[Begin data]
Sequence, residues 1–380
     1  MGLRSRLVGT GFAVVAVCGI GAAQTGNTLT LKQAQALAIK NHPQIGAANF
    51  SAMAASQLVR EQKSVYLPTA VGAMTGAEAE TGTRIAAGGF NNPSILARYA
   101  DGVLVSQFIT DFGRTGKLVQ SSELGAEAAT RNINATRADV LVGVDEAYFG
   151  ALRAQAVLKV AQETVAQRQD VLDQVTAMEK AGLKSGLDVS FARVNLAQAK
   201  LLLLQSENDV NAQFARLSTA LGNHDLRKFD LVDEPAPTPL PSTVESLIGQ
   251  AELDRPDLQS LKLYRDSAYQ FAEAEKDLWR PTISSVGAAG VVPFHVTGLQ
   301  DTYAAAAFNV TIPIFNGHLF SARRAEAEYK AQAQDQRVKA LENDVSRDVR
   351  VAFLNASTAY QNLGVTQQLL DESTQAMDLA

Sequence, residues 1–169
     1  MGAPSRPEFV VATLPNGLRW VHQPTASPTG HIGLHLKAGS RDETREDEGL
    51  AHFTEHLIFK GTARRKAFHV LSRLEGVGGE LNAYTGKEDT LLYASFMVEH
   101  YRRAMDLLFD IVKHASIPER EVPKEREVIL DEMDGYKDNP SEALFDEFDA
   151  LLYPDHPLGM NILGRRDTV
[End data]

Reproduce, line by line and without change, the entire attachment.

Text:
Sequence, residues 1–380
     1  MGLRSRLVGT GFAVVAVCGI GAAQTGNTLT LKQAQALAIK NHPQIGAANF
    51  SAMAASQLVR EQKSVYLPTA VGAMTGAEAE TGTRIAAGGF NNPSILARYA
   101  DGVLVSQFIT DFGRTGKLVQ SSELGAEAAT RNINATRADV LVGVDEAYFG
   151  ALRAQAVLKV AQETVAQRQD VLDQVTAMEK AGLKSGLDVS FARVNLAQAK
   201  LLLLQSENDV NAQFARLSTA LGNHDLRKFD LVDEPAPTPL PSTVESLIGQ
   251  AELDRPDLQS LKLYRDSAYQ FAEAEKDLWR PTISSVGAAG VVPFHVTGLQ
   301  DTYAAAAFNV TIPIFNGHLF SARRAEAEYK AQAQDQRVKA LENDVSRDVR
   351  VAFLNASTAY QNLGVTQQLL DESTQAMDLA

Sequence, residues 1–169
     1  MGAPSRPEFV VATLPNGLRW VHQPTASPTG HIGLHLKAGS RDETREDEGL
    51  AHFTEHLIFK GTARRKAFHV LSRLEGVGGE LNAYTGKEDT LLYASFMVEH
   101  YRRAMDLLFD IVKHASIPER EVPKEREVIL DEMDGYKDNP SEALFDEFDA
   151  LLYPDHPLGM NILGRRDTV